Like many actors, Gwyneth Paltrow has trouble watching herself onscreen.
Since her breakout in David Fincher’s 1995 thriller “Seven,” the actress-turned-entrepreneur has starred in the Marvel Cinematic Universe, “The Talented Mr. Ripley,” “Glee,” and “Shakespeare in Love,” for which she won the best actress Oscar in 1999.
But according to Paltrow, the only movie of hers that she can still watch today is Wes Anderson‘s 2001 dramedy “The Royal Tenenbaums.” The offbeat film follows a dysfunctional family whose estranged patriarch, Royal (Gene Hackman), attempts to reconcile with his wife (Anjelica Huston) and three grown children: Chas (Ben Stiller), Richie (Luke Wilson) and Margot (Paltrow).
Margot, who is adopted, is the movie’s chain-smoking, fur-coat-wearing scene-stealer, and is cheating on her husband (Bill Murray) with Richie’s best friend (Owen Wilson). Meanwhile, Richie harbors a complicated secret crush on Margot.
In honor of the film’s 20th anniversary, “Tenenbaums” screened outdoors Monday evening in New York’s Battery Park as part of the Tribeca Festival. Paltrow appeared in a virtual panel afterward, along with co-stars Huston, Alec Baldwin, Luke and Owen Wilson, and director/co-writer Anderson. She recalled a memorable moment when her late father, Bruce Paltrow, visited the set.
“I have a memory of my dad visiting,” Paltrow said. “He came the day that we did a scene where I’m getting off the bus and Richie’s picking me up, and my dad was there. It was a very special day.
“I also really hate, hate, hate seeing myself in a movie ever and it’s kind of like the only scene that I can watch of myself of my whole career.”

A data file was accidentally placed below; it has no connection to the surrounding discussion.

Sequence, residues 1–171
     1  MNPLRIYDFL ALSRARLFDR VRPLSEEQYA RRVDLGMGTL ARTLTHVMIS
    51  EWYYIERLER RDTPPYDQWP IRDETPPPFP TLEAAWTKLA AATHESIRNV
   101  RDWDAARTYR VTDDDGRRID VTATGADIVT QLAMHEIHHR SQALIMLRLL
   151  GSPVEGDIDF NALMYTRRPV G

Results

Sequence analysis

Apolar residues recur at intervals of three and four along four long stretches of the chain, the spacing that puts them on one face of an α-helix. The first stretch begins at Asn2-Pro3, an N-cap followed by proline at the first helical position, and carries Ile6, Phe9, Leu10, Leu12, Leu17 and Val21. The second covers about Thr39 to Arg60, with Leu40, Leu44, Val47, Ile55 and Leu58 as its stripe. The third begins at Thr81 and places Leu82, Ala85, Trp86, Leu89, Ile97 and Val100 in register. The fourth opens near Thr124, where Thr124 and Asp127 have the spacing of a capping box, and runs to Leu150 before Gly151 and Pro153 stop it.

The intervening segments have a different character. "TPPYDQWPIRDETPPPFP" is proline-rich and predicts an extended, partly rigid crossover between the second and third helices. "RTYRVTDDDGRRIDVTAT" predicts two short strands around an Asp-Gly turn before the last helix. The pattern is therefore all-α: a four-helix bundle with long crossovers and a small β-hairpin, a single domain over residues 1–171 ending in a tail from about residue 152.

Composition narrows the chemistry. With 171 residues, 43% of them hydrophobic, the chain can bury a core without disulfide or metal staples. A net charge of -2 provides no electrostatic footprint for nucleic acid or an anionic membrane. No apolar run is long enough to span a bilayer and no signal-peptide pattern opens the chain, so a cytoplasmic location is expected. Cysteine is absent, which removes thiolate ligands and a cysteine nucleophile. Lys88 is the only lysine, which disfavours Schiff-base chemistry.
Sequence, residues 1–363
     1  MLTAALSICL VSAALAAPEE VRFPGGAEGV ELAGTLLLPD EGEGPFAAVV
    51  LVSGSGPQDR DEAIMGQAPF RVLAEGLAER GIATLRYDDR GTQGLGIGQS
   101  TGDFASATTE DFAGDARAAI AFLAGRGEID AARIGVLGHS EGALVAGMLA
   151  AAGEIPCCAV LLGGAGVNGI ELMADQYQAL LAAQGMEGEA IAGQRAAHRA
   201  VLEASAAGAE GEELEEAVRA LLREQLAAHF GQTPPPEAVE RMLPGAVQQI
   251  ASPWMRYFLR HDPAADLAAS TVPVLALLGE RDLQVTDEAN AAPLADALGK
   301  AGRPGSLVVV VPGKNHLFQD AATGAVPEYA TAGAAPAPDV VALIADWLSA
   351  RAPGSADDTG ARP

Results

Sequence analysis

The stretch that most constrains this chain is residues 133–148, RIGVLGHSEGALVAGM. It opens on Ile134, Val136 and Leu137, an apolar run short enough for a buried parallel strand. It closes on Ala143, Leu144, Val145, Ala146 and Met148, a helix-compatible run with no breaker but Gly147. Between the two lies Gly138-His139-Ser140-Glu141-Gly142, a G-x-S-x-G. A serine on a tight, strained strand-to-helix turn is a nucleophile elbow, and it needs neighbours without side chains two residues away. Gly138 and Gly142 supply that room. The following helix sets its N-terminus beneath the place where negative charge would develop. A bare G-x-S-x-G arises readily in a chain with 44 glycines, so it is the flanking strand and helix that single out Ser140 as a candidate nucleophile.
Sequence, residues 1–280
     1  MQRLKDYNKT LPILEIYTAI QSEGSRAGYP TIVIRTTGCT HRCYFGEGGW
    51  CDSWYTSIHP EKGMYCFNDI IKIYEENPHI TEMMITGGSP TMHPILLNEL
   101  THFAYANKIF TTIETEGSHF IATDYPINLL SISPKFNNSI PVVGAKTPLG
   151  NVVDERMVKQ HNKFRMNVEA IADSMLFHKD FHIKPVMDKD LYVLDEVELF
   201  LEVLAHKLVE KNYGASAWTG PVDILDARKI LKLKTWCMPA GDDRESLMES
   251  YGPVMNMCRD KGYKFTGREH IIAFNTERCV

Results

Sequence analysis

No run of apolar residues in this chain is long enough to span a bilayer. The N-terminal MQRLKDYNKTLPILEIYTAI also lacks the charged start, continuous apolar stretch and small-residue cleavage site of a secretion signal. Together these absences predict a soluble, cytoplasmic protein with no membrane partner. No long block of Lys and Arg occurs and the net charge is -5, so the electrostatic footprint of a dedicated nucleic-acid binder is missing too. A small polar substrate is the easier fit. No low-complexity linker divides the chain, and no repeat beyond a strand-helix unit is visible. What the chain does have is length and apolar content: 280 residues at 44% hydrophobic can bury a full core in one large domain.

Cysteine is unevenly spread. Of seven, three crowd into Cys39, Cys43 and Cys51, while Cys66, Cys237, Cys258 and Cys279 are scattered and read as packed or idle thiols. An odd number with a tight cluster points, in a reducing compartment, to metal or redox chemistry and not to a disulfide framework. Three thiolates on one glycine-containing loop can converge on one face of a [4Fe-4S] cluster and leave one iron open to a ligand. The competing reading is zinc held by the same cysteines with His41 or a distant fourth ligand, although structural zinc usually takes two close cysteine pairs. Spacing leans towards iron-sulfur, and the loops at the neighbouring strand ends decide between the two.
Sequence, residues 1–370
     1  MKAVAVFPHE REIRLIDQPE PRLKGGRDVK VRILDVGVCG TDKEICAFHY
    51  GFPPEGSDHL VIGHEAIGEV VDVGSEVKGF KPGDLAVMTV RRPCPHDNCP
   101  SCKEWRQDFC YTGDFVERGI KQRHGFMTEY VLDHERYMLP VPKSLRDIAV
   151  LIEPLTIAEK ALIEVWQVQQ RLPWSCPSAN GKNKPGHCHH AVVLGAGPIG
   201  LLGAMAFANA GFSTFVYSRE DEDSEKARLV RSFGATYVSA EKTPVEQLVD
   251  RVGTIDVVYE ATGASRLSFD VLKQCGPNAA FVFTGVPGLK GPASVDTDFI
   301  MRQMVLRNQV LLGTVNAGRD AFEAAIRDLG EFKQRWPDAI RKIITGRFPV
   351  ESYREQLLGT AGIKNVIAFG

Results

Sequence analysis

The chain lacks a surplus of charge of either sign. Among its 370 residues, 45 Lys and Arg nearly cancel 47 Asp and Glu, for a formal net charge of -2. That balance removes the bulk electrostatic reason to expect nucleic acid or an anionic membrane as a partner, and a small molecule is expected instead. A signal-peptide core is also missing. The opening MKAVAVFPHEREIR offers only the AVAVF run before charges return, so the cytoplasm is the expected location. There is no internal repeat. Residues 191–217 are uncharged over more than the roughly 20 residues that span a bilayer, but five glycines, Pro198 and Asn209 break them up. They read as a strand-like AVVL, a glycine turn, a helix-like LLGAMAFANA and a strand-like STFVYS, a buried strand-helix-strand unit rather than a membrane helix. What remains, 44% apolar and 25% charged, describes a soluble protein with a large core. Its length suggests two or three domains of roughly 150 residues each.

She also remembered shooting a scene with Hackman in which Royal takes Margot out for a butterscotch sundae, in an unsuccessful attempt to get back in her good graces.
“I have so many great memories,” Paltrow said. “I really loved the scene of Gene and I in the ice cream parlor. Doing that was really like a partner highlight for me, to do that scene with him, even though he was a little intimidating. He was sweet to me and that was really special.”
Paltrow, 48, has spent much of the past decade authoring cookbooks and running her lifestyle brand Goop. She most recently appeared in Ryan Murphy’s dark-comedy series “The Politician” on Netflix, but says she feels “most comfortable in drama.” In the case of “Tenenbaums,” it “was played so straight that it didn’t really feel like I was in a comedy.”
She recalls feeling initially confused by the tone of “Tenenbaums,” but ultimately settled in after just a couple days and “loved” working with Anderson. Margot’s covert smoking habit had its perks, too.
“I felt very excited because it was a (loophole) for me to start smoking again,” Paltrow joked.
‘It feels good!’: Kiss brings fiery outdoor concert, new documentary to Tribeca Festival
The Tribeca Festival continues with virtual and in-person screenings in New York through Sunday.
This article originally appeared on USA TODAY: Gwyneth Paltrow was intimidated by Gene Hackman in ‘Royal Tenenbaums’
Read More: ‘I really hate seeing myself’